Housing prices went up once again in November, and by the fastest rate seen in over six years. Indeed when compared to the same period last year, prices increased by 7.7%. This figure covered the three months leading up to November.
Month on month Nationwide said prices had gone up by 0.6%. This means the figures are getting ever closer to where they stood during the peak in 2007, before the housing bubble burst and the recession kicked in.
Several reasons for the rise
A few different reasons have been given for this turn of events. The Help to Buy scheme provided by the government to kick the housing market into action has been given as one of them. However it is not the only one. Prices have also been seen to rise considerably in the London area, as well as the South East. Prices have not risen uniformly across the country, which means some areas are seeing far more in the way of rises than others.
Are changes in store?
The Bank of England has already announced its plan to remove the Funding for Lending scheme that has helped to trigger more interest in the housing market. This will be switched to support small businesses instead. This particular scheme has been seen as a major reason why the housing market has perked up, so perhaps when it is withdrawn the situation will change.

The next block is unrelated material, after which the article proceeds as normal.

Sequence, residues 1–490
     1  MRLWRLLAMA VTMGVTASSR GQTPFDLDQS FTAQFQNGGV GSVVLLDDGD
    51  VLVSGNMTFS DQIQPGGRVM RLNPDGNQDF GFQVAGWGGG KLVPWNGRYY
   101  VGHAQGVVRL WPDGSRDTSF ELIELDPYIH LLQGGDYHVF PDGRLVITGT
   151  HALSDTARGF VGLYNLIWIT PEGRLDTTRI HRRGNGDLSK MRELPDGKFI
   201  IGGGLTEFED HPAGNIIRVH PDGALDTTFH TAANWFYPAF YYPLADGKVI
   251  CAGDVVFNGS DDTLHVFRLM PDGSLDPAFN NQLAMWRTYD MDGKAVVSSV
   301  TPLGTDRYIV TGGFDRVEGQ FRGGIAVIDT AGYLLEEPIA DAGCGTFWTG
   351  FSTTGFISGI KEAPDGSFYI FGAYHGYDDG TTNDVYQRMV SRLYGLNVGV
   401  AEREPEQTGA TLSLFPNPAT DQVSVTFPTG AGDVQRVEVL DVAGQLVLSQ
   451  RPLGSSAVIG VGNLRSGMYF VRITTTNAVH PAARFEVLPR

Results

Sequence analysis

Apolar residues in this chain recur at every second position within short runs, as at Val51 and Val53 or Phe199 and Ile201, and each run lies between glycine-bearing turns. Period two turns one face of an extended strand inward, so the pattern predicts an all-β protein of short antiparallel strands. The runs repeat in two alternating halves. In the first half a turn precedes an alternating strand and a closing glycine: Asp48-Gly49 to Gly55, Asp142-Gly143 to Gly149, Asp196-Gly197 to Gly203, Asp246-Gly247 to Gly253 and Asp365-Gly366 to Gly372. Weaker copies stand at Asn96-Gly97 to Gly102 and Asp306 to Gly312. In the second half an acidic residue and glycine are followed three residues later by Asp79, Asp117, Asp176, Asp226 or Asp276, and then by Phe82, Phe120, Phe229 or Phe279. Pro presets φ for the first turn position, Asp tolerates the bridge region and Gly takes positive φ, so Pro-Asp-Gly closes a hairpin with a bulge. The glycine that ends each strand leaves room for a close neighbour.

The Governor of the Bank of England, Mark Carney, has also sent out a warning to house buyers about the importance of making sure they can afford their mortgages. In an interview with The Guardian he pointed out the importance of making sure house buyers could still pay their mortgages if interest rates went up again. House prices may be rising at the moment but there is no guarantee they would continue to do this. Counting on them to do so to free up some capital in the property if the mortgage did become hard to pay is not the path people should be taking, according to Mr Carney.
The housing market is still buoyant and the question of supply and demand is also no doubt feeding the concern over prices. According to reports, house building is becoming slightly more prevalent. This would lead to less pressure on a smaller number of properties for sale, which in turn can drive prices up in a more competitive market.
No doubt all eyes will be on the state of housing prices in the months to come. The removal of the Funding for Lending scheme means things could change in the near future, with the potential to ward off the housing bubble some are speaking about even now. If this has the desired effect it could make buying property more difficult – but it could also see off any potential disaster on the home buying front. No one wants a repeat of the housing bubble and the associated fallout that occurred a few years ago.